WHOLE CLASS INDEPENDENT SAMPLE
About every two weeks I like to take an independent sample from all students and really look them over, away from the students. I check in more frequently on writing pieces through the week with various purposes in mind, but I also like to look at all of them to get a whole group snapshot of what is or isn’t happening in the writing. This is more doable with primary writers as there is less quantity than say a middle school writer. It can take just a little over an hour to look at 25 samples if you know what you are looking for and get in a groove. I find I start slow but then gain momentum.
There are plenty of great things we can do for our writers during both independent work and conferring. However, there are also things to stay away from. Here is a list of things NOT to do!
PUSHING INSTEAD OF NUDGING
We are all guilty of this. We push something on a student before they are ready to take it on with independence. It is important to nudge, make small movements within the writer. When we look at next steps, they need to be very precise and not too big. For instance, with a child who is not ready to associate letters with sounds, we shouldn’t be pushing and telling them what letters or sounds to hear and record. They will likely take on very little of this. Working on the oral story and drawing to match is more reasonable.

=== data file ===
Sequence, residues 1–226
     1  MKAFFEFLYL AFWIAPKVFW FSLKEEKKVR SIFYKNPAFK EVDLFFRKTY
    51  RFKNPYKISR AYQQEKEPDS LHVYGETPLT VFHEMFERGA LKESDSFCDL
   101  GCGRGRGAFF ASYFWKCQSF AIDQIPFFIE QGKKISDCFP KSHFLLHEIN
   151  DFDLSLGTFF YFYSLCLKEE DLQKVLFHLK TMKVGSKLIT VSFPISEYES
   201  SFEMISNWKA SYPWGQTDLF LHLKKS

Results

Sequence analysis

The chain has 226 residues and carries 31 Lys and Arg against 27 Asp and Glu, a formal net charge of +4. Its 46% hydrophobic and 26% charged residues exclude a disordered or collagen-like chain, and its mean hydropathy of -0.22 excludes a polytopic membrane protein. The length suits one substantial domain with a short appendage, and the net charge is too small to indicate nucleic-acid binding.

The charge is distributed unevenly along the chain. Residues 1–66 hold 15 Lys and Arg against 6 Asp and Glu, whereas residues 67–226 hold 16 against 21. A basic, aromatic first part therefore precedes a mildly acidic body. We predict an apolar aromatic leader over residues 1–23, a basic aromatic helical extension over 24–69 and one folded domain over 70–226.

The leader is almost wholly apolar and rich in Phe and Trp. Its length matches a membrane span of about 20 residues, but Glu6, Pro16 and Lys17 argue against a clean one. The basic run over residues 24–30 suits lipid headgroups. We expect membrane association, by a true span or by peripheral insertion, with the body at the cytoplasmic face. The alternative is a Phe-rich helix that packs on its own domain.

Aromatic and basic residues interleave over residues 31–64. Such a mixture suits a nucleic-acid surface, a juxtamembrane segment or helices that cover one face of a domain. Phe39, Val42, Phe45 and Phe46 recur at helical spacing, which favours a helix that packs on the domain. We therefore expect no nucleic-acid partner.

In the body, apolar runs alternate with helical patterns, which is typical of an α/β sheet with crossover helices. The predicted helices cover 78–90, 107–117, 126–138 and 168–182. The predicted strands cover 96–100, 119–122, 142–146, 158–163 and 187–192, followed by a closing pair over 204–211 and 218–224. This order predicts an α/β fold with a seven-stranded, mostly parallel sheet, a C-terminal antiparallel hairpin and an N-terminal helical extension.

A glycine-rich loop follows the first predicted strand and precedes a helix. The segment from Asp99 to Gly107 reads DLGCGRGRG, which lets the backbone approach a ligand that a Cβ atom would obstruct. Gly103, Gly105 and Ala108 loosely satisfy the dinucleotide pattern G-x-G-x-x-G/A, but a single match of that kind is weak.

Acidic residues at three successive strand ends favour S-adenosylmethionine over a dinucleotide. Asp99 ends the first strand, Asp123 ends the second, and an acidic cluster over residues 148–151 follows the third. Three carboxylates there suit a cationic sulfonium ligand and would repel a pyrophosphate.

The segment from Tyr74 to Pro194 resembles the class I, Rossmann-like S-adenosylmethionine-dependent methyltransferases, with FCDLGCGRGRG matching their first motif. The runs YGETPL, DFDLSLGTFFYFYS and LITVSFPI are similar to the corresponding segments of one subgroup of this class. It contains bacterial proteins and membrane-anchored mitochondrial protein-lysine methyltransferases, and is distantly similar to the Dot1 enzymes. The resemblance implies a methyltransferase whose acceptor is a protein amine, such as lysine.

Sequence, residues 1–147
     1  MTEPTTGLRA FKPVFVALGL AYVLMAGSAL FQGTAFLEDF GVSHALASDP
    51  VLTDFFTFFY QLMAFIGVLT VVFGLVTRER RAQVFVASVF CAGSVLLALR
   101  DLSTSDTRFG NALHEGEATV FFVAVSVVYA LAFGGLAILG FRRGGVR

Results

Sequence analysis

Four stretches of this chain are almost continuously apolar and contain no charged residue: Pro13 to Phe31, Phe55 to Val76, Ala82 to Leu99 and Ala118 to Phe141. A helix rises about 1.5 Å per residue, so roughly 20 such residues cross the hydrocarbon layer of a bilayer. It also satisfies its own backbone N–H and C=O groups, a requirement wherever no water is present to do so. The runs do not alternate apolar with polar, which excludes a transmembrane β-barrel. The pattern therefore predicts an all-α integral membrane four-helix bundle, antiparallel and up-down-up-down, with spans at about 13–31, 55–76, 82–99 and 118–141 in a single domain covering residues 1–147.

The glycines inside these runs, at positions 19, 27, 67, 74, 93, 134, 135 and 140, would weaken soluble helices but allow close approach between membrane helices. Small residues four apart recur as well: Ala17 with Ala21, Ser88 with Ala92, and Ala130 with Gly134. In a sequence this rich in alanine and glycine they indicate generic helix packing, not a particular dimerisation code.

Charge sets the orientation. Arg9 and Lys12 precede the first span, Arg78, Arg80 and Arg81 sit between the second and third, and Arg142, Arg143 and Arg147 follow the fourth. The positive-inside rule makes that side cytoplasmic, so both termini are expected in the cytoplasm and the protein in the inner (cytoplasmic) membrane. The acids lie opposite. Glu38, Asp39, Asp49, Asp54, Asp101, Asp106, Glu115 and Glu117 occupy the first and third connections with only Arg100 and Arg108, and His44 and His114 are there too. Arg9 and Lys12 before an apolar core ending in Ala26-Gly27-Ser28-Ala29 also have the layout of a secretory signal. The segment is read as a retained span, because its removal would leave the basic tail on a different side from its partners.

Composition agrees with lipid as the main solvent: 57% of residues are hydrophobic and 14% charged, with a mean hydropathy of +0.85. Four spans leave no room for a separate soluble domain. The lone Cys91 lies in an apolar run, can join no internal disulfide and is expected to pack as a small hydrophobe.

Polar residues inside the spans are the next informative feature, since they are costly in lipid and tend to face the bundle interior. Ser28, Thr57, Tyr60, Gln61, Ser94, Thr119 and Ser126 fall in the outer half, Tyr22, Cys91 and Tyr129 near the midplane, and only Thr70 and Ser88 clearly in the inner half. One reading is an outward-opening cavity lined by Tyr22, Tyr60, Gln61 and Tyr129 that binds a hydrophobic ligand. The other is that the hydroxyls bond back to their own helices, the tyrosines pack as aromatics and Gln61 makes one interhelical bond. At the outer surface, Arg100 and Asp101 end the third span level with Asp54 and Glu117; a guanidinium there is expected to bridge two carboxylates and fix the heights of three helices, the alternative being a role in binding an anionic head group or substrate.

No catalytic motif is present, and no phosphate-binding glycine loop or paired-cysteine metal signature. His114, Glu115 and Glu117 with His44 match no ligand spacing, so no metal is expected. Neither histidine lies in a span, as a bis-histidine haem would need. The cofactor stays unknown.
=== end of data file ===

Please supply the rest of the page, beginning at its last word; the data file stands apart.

ALLOW THEM TO APPROXIMATE
It’s important to allow students to make mistakes, which I would rather call opportunities, in their writing. They can only learn through these and we learn so much when we allow them to approximate. If we sit next to a child and stretch every word helping him identify every sound and letter in his story, how much will he really learn from this experience? Students will learn that they need an adult to be a writer. This is not the message we want to send. Students need to own their own writing and show us what they need through their work.
When we are working to make students independent it is tempting to stand over that child who is usually off task. This proximity can be a good thing at times, but done too long that student will only continue to need your proximity to get his words on the page. However, giving him an expectation and then checking in can be more effective. Stop by a moment, voice what you expect to see when you come back in ten minutes and then hold him accountable. Off task behavior won’t disappear immediately, but I have seen this work and when everyone is working and in the groove of workshop, these students will follow suit.
I feel like independence in the primary classroom is a conversation that could continue for many blog posts. There are so many elements of good instruction, supports and building blocks that encourage writers. There are also those blunders that get in the way. Do you want to continue the conversation? Guess what, there is an opportunity for you to keep it going. Join in our Twitter Chat on May 12th at 8:30. Let’s talk more about what you do to build independence in your writers and how you let go of their hand.